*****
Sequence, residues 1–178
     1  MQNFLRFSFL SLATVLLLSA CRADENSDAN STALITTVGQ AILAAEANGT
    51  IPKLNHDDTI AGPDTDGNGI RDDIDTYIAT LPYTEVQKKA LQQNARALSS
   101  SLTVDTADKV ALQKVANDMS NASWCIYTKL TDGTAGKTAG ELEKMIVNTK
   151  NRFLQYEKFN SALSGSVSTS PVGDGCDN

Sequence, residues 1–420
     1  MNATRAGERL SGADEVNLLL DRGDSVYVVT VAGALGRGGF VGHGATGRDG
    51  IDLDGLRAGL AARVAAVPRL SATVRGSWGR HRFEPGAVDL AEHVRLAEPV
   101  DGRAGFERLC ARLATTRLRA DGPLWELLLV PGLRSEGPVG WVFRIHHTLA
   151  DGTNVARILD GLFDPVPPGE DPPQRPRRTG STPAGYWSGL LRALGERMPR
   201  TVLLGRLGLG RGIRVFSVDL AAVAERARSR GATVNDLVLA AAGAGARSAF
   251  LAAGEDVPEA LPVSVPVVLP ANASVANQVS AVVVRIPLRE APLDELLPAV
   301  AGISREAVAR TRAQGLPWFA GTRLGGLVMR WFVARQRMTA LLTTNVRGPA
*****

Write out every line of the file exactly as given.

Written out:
Sequence, residues 1–178
     1  MQNFLRFSFL SLATVLLLSA CRADENSDAN STALITTVGQ AILAAEANGT
    51  IPKLNHDDTI AGPDTDGNGI RDDIDTYIAT LPYTEVQKKA LQQNARALSS
   101  SLTVDTADKV ALQKVANDMS NASWCIYTKL TDGTAGKTAG ELEKMIVNTK
   151  NRFLQYEKFN SALSGSVSTS PVGDGCDN

Sequence, residues 1–420
     1  MNATRAGERL SGADEVNLLL DRGDSVYVVT VAGALGRGGF VGHGATGRDG
    51  IDLDGLRAGL AARVAAVPRL SATVRGSWGR HRFEPGAVDL AEHVRLAEPV
   101  DGRAGFERLC ARLATTRLRA DGPLWELLLV PGLRSEGPVG WVFRIHHTLA
   151  DGTNVARILD GLFDPVPPGE DPPQRPRRTG STPAGYWSGL LRALGERMPR
   201  TVLLGRLGLG RGIRVFSVDL AAVAERARSR GATVNDLVLA AAGAGARSAF
   251  LAAGEDVPEA LPVSVPVVLP ANASVANQVS AVVVRIPLRE APLDELLPAV
   301  AGISREAVAR TRAQGLPWFA GTRLGGLVMR WFVARQRMTA LLTTNVRGPA